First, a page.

2024 New York congressional battleground

Suozzi and Pilip ready for debate in NY-3

A Siena College/Newsday poll released this morning showed Suozzi with just a four-point lead, within the poll’s margin of error.

Democrat Tom Suozzi (left) and Republican Mazi Melesa Pilip (right)

Democrat Tom Suozzi (left) and Republican Mazi Melesa Pilip (right) CRAIG RUTTLE-POOL/GETTY IMAGES; ADAM GRAY/GETTY IMAGES

Democrat Tom Suozzi and Republican Mazi Melesa Pilip will go head-to-head on Thursday night in the first and only debate in the special election for New York’s 3rd Congressional District on Long Island. The election will take place Feb. 13, and early voting numbers show Democrats with a slight turnout edge – but a new poll has the two candidates in a statistical dead heat.

The pre-taped debate is scheduled to air Thursday night at 8:30 p.m. on News 12 Long Island. Those without an Optimum cable subscription can watch the debate for free through Pluto TV.  

On Thursday morning, a Siena College/Newsday poll of NY-3 voters found Suozzi has a slim four-point lead over Pilip – a number that falls within the poll’s margin of error. That’s about the same as the three-point lead Suozzi held in an Emerson College/PIX11 poll from last month.

While Suozzi holds slight leads in both of the public polls in the race, some observers cautioned that the numbers are not encouraging for Democrats. “While up is good, anyone who lived through Joe Crowley/AOC will tell you, you don’t want to be under 50 this close to Election Day,” former Andrew Cuomo top adviser Melissa DeRosa wrote on X, referencing the surprise upset of Rep. Alexandria Ocasio-Cortez over then-Rep. Joe Crowley in 2018. 

The new poll also shows Pilip leading Suozzi with voters on the issue of immigration, which has emerged as the focal point of the race as New York City continues to grapple with an influx of asylum-seekers. The Siena/Newsday survey found that 49% of voters believe Pilip would do a better job at addressing immigration, while 40% believe Suozzi would do better. Last month’s Emerson/PIX11 poll found that immigration was the top issue of 26% of voters, making it the biggest concern for the largest group of constituents. 

Immigration will likely dominate tonight’s debate. Republicans have attacked Suozzi over past statements he made regarding immigration officials and tried to link him to President Joe Biden, whom they blame for the migrant crisis in New York City. Pilip, who was recently endorsed by the Border Patrol union, has held multiple press conferences at the Creedmoor Psychiatric Center within the district, which the city is using as one of several temporary migrant shelters.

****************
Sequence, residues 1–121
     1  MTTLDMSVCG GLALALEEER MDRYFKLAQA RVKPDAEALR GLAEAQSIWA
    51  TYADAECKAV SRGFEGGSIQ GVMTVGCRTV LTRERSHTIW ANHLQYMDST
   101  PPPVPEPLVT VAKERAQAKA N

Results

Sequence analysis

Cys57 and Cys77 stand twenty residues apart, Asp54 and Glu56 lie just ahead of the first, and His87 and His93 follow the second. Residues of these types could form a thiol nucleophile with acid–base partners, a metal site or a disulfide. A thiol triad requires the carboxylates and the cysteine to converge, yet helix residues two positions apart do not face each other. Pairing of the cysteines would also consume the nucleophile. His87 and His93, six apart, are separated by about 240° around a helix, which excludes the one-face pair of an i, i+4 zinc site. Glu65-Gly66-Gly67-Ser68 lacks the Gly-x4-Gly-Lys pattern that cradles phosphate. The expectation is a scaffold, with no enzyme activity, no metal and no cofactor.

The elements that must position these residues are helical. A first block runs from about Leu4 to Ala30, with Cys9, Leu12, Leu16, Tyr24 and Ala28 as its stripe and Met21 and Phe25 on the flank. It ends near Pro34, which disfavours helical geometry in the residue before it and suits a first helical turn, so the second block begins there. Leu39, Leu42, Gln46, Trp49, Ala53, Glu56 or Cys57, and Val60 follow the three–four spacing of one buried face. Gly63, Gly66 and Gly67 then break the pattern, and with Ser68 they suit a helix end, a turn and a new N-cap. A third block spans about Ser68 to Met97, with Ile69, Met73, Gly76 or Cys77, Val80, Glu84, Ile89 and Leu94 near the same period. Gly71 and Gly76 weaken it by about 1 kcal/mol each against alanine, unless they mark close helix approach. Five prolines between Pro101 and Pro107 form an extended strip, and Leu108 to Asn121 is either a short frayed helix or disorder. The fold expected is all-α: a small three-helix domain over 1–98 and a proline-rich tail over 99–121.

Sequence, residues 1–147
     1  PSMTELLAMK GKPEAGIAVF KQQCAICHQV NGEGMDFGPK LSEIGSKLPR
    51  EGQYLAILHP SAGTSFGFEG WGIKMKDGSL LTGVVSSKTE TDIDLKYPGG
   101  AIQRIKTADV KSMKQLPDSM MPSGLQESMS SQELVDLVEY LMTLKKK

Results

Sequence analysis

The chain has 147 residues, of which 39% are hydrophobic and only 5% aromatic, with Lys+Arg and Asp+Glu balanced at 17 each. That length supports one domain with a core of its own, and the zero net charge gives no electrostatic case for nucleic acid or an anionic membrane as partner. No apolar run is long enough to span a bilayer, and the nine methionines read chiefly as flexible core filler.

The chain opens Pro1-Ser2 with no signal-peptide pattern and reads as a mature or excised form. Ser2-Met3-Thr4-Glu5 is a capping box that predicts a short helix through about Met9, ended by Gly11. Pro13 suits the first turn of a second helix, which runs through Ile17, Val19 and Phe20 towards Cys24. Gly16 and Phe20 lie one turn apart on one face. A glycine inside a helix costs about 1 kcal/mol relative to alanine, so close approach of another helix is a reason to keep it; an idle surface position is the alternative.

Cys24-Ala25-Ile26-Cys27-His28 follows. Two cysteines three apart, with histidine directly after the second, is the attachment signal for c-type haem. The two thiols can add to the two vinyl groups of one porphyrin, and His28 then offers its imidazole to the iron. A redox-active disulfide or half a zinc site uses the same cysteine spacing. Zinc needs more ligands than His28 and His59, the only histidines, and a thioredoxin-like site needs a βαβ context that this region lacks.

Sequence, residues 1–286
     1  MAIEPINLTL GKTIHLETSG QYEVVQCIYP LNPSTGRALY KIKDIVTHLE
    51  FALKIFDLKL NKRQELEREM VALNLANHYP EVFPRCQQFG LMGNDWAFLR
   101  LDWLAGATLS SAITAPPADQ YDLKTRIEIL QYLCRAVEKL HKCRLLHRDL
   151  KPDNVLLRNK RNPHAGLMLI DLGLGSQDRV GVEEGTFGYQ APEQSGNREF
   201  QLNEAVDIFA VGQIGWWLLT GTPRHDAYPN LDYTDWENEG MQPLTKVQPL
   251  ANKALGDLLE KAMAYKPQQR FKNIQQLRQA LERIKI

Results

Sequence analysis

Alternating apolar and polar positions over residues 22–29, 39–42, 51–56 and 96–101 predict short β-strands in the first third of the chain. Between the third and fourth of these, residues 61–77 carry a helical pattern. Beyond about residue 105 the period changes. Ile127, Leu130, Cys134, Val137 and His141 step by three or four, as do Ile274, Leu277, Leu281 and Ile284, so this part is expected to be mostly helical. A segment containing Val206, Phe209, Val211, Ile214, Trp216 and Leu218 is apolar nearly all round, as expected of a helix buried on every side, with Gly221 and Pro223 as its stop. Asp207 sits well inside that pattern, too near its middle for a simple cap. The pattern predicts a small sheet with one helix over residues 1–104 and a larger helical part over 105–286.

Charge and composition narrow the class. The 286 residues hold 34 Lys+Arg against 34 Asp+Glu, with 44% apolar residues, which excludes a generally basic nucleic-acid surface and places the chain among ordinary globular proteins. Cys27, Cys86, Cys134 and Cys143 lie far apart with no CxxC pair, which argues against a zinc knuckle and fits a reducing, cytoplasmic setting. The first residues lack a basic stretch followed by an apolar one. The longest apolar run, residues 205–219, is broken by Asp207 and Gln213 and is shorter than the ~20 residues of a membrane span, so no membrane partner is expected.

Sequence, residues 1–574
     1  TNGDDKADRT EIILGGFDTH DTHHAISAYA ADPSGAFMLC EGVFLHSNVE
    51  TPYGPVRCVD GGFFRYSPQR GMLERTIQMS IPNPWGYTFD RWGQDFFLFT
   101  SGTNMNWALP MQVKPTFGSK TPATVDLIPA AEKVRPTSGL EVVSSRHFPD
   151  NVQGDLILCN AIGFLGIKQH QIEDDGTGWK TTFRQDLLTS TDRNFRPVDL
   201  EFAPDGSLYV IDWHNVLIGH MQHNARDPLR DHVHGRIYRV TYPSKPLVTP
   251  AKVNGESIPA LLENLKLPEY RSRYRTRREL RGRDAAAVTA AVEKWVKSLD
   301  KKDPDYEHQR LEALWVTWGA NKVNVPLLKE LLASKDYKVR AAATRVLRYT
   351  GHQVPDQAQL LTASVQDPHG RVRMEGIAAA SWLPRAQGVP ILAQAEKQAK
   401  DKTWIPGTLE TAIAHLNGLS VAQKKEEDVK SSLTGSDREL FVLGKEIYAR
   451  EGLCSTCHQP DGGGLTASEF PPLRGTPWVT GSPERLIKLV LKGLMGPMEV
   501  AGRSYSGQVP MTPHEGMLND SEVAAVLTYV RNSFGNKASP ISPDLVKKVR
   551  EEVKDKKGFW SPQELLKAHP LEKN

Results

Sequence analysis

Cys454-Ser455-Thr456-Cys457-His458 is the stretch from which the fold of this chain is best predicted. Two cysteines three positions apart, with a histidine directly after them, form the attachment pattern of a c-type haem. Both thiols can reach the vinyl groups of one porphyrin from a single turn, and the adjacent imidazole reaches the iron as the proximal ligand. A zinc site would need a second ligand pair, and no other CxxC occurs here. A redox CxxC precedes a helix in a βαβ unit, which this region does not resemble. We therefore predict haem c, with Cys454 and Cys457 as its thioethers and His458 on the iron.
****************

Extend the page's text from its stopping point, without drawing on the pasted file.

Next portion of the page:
Suozzi, meanwhile, has attacked Pilip for failing to support a bipartisan border deal rejected by Republican House leadership. He accused her of siding with the most extreme members of her party, while Pilip called the deal a “nonstarter.”

Other national issues like the war between Israel and Hamas will also likely come up during the debate. The district is home to a large community of Jewish voters, and both candidates have tried to paint themselves as the best option to support Israel. Pilip is an Israeli military veteran, and Suozzi has touted his longtime support for Israel while in Congress.

The two candidates may also compete over appealing to the district’s sizable number of Asian voters, who have emerged as a key swing bloc that both parties have attempted to court over the course of the campaign. The Emerson/PIX11 poll from last month found that Suozzi led by a large margin among Asian voters.

Ahead of tonight’s debate, members of both parties are projecting confidence. Republican consultant Chapin Fay, who has done work on Long Island including for former Rep. Lee Zeldin, said he’s feeling “very good” about the race. “Mazi is going to win,” he said. William O’Reilly, a fellow Republican consultant and an opinion columnist for Newsday, said Republicans in the district are confident in Pilip and that immigration is dominating the conversation in her favor. O’Reilly acknowledged that Suozzi, as a veteran politician, may perform better in the televised debate. “But being too polished is out of style these days,” he said. “I think as long as (Pilip) comes across as genuine she'll do okay.”

But one Democratic insider on Long Island said that the debate will be an invaluable opportunity for Suozzi to directly take on a candidate who has largely ducked questions from the press. “Folks will learn how weak a candidate Mazi is and how smart and moderate Suozzi really is, which should give him a nice bump headed into Tuesday,” the insider said. “(Republicans) know that and (it’s) why they never let her speak to press.” Pilip’s campaign has cited scheduling issues for rejecting several other debate invitations, and surrogates at campaign events have often answered questions on her behalf. Journalists have also publicly criticized the campaign’s lack of transparency and the difficulty of trying to engage with Pilip.